In March 2021, around 178,920 refugees and asylum seekers were registered with the UNHCR in Malaysia. However, we have not signed the 1951 Refugee Convention or its protocol, nor do we have an asylum system that regulates the status and rights of refugees.
For this reason, refugees lead unpredictable lives here, as there are no legal frameworks that guarantee them the right to live or work.
As a result, many local organizations have taken matters into their own hands instead, and one of them is the Fugeelah social enterprise run by Deborah Henry who was Miss Universe Malaysia in 2011.
Didn't want to beg for money anymore
“I wanted to create opportunities for young people and refugees and also to build up a brand image around lobbying. But in the end, I wanted to build something that would be profitable and support our nonprofit Fugee, ”Deborah told the Vulcan Post.
"I didn't want to keep begging for money."
One of the girls who makes jewelry / Photo credit: Fugeelah
Fugeelah is a fashion brand that specializes in jewelry making. Much of their jewelry is embossed with the distinctive “Lah” branding in italics, and they have names like Pink Lah, Blue Lah, Green Lah, etc.
Fugee, on the other hand, is their branch of education, which provides refugees with scholarship funds, assistance with access to IGCSE / GED exams, kindergarten and elementary education, and more.
Include the beneficiaries themselves
Fugeelah has her own designer in-house, but also works with 4 refugee girls, two of whom are currently taking their final exams.
The 4 girls who work part-time at Fugeelah and sell at a bazaar / Image source: Fugeelah
“The designer and I looked at the trends and what's going on in the market right now, but we also talk to the girls about concepts and see what they think (about them), especially for the handcrafted collection on the they are very directly involved, ”said Debora.
"So when they do, we ask for their opinion on whether the jewelry should be shorter or longer, or where the placements should be, etc."
The advantage of Fugeelah is that it is a part time job that the girls can choose when they want. For an hour of work they earned 10 RM making jewelry and selling it in bazaars. Deborah announced that they would come once or twice a week so they would earn RM 200 to RM 300 a month.
It's not a lot, but it is used as pocket money. The handmade jewelry consists of colorful pearl necklaces, some of which, like Silvia, are named after the girls themselves. The other projects the girls help with are pearl earrings like Rie and Yara earrings.
One of the girls is working on her handmade collection / Image source: Fugeelah
Since Fugeelah is new, Deborah has no intention of taking in too many girls to do part time with. "I've done it before where I wanted to help a larger number of people like 20 women, but it's really hard, especially for a growing team," she explained.
"If I were to try to hire 10 girls and not all of them are interested in jewelry or good at making them, I will spend most of my time training them instead of building the business," said Deborah, making her plans more strategic and sustainable to be in the hiring process.
For buyers who value quality
On their website, for example, you can find their jewelry at a price of RM 170 for necklaces, RM 120 to RM 160 for earrings and RM 149 for brooches. It may seem expensive, but these would be your standard prices for jewelry that is not mass-produced.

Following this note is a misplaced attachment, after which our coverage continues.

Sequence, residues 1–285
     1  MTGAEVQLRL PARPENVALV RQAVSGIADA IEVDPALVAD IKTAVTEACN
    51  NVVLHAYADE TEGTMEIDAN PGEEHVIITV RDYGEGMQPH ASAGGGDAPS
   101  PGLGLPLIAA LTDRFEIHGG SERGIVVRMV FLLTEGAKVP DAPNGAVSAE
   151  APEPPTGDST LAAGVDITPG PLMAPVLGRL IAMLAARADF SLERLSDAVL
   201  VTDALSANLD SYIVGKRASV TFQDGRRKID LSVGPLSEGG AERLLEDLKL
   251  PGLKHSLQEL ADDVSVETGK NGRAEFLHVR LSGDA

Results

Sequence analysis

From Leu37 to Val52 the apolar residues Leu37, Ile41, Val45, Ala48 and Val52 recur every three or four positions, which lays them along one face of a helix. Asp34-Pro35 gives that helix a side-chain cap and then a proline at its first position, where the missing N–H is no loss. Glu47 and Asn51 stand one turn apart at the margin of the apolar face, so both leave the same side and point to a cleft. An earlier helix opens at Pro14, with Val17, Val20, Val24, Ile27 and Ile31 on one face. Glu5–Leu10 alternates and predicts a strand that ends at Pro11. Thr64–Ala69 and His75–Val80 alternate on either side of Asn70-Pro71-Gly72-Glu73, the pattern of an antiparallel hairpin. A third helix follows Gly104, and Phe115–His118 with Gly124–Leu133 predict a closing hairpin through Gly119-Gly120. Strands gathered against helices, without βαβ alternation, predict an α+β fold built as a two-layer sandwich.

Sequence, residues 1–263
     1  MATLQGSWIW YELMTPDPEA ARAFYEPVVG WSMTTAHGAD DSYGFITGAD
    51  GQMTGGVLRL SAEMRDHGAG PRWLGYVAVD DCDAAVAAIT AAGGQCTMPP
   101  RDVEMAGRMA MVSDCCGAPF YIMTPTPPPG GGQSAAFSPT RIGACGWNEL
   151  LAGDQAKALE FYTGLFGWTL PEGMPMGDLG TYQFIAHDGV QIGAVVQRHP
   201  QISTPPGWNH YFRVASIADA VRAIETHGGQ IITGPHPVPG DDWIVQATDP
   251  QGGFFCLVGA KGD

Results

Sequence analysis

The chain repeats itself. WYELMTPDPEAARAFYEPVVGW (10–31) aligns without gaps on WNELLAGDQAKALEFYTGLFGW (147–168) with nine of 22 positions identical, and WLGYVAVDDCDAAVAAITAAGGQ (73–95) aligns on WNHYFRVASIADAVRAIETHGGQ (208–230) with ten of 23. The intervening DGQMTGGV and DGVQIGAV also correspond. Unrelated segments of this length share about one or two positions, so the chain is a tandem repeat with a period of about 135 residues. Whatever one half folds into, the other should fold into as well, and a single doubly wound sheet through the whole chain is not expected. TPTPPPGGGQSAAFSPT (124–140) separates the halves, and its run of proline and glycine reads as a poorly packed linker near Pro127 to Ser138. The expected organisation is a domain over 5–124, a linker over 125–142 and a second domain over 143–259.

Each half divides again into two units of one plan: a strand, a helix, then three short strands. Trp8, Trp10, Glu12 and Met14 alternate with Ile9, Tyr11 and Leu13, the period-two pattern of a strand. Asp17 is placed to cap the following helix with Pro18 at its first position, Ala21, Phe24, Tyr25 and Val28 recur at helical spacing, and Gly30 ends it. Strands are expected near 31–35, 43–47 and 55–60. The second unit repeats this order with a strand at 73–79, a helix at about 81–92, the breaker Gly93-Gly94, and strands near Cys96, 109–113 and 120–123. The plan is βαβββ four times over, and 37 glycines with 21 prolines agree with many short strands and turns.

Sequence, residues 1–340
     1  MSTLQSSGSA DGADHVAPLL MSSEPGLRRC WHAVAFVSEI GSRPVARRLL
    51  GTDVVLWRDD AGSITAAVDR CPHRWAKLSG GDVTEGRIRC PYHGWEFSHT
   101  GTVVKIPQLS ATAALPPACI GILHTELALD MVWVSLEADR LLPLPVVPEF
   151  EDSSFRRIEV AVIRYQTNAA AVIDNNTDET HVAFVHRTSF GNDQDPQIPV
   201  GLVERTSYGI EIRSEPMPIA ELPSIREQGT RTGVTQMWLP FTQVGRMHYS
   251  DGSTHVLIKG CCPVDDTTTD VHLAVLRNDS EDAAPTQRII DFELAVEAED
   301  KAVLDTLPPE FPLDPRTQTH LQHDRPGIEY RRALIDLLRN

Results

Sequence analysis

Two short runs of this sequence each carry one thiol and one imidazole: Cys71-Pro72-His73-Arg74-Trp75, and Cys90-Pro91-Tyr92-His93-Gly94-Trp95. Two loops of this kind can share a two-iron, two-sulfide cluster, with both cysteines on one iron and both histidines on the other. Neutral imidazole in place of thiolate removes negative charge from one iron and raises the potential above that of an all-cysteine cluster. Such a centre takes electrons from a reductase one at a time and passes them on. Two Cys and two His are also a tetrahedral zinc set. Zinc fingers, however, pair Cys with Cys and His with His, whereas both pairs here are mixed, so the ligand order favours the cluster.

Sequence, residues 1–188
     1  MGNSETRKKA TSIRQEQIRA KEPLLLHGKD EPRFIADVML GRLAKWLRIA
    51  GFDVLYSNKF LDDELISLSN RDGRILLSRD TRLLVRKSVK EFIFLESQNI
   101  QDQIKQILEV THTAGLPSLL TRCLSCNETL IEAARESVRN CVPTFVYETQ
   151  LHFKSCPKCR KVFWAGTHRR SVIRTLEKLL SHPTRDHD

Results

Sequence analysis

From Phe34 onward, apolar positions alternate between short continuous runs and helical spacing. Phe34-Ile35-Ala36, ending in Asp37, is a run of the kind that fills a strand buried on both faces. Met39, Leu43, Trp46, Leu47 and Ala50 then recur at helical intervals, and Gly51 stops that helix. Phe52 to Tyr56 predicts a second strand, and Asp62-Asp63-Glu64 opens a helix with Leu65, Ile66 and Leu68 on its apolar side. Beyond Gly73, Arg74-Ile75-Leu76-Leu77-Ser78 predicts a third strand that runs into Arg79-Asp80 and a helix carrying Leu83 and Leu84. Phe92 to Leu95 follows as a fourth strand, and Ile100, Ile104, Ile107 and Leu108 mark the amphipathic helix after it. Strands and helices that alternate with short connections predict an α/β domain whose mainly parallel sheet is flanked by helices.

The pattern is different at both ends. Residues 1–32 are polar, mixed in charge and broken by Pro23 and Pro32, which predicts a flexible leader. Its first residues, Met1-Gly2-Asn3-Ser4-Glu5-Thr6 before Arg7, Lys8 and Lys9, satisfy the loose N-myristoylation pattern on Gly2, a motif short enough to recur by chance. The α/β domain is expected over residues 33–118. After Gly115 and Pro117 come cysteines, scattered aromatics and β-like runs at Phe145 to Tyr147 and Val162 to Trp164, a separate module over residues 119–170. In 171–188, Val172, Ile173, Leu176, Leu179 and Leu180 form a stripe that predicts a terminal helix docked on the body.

“I want people to buy our product because they like it, not because they pity us. I want them to buy it because these products have a story to tell, not because they want to do us a favor, ”said Deborah.
Deborah and the Girls / Photo Credit: Fugeelah
"Sometimes we're so obsessed with things being cheap that we forget that doing something super cheap is jeopardizing its quality or (the) work ethic of a brand."
In 2019, they gave 40% of their earnings from Fugeelah's earnings to the Fugee School, but that has now changed a little. For example, when they previously worked with Khoon Hooi to make shoulder bags from scraps of textile, they devoted a higher percentage of their income to the school.
"The income from the general jewelry that we make and sell is kept (at) a fixed amount, but with some collaborations we also dedicate 100% of the profits to the school," she summed up for us.
"So at the end of the year we will have a combination of different impact points that lead to an overall percentage of the profit."
Entrepreneurship alongside training
“We hope that these girls will learn both hard and soft skills from Fugeelah, such as: B. an inventory check, inventory management, business skills and more, ”said Deborah, hoping her work will help the girls make decisions about what to do next.
Some of the girls give models a chance / Image source: Fugeelah
Running a social enterprise is never easy, and Deborah placed great emphasis on social enterprise profitability to keep her job going.
"Sometimes I think, maybe in hindsight, I should have started a simpler business like making potato chips or something because people will love them and buy them and we will make more money," she joked with Vulcan Post. "Of course, it takes a lot of time to build a fashion brand."
However, she is certain that Malaysians are now more receptive and understand how social enterprises work, and she hopes that local social enterprises will continue to gain more appeal as Malaysians become more aware of their purchases.
- You can learn more about Fugeelah. Experienced Here.
- You can read more about social businesses we covered Here.
Photo credit: Deborah Henry, founder of Fugeelah